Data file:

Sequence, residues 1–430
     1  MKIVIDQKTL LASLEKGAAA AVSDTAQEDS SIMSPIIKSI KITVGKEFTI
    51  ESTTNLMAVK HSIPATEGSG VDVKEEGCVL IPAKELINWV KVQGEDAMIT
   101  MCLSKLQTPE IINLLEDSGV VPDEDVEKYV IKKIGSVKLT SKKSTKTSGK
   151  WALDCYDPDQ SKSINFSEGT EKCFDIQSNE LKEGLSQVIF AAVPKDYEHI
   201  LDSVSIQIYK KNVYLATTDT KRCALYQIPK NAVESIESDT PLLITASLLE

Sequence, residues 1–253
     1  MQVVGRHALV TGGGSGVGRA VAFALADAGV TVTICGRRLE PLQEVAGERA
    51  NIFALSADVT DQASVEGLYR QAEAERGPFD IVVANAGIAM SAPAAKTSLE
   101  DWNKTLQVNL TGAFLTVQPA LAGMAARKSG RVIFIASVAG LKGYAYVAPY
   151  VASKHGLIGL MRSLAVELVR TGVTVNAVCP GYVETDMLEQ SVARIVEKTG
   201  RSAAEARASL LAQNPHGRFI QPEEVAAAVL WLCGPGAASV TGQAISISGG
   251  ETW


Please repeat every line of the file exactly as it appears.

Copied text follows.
Sequence, residues 1–430
     1  MKIVIDQKTL LASLEKGAAA AVSDTAQEDS SIMSPIIKSI KITVGKEFTI
    51  ESTTNLMAVK HSIPATEGSG VDVKEEGCVL IPAKELINWV KVQGEDAMIT
   101  MCLSKLQTPE IINLLEDSGV VPDEDVEKYV IKKIGSVKLT SKKSTKTSGK
   151  WALDCYDPDQ SKSINFSEGT EKCFDIQSNE LKEGLSQVIF AAVPKDYEHI
   201  LDSVSIQIYK KNVYLATTDT KRCALYQIPK NAVESIESDT PLLITASLLE

Sequence, residues 1–253
     1  MQVVGRHALV TGGGSGVGRA VAFALADAGV TVTICGRRLE PLQEVAGERA
    51  NIFALSADVT DQASVEGLYR QAEAERGPFD IVVANAGIAM SAPAAKTSLE
   101  DWNKTLQVNL TGAFLTVQPA LAGMAARKSG RVIFIASVAG LKGYAYVAPY
   151  VASKHGLIGL MRSLAVELVR TGVTVNAVCP GYVETDMLEQ SVARIVEKTG
   201  RSAAEARASL LAQNPHGRFI QPEEVAAAVL WLCGPGAASV TGQAISISGG
   251  ETW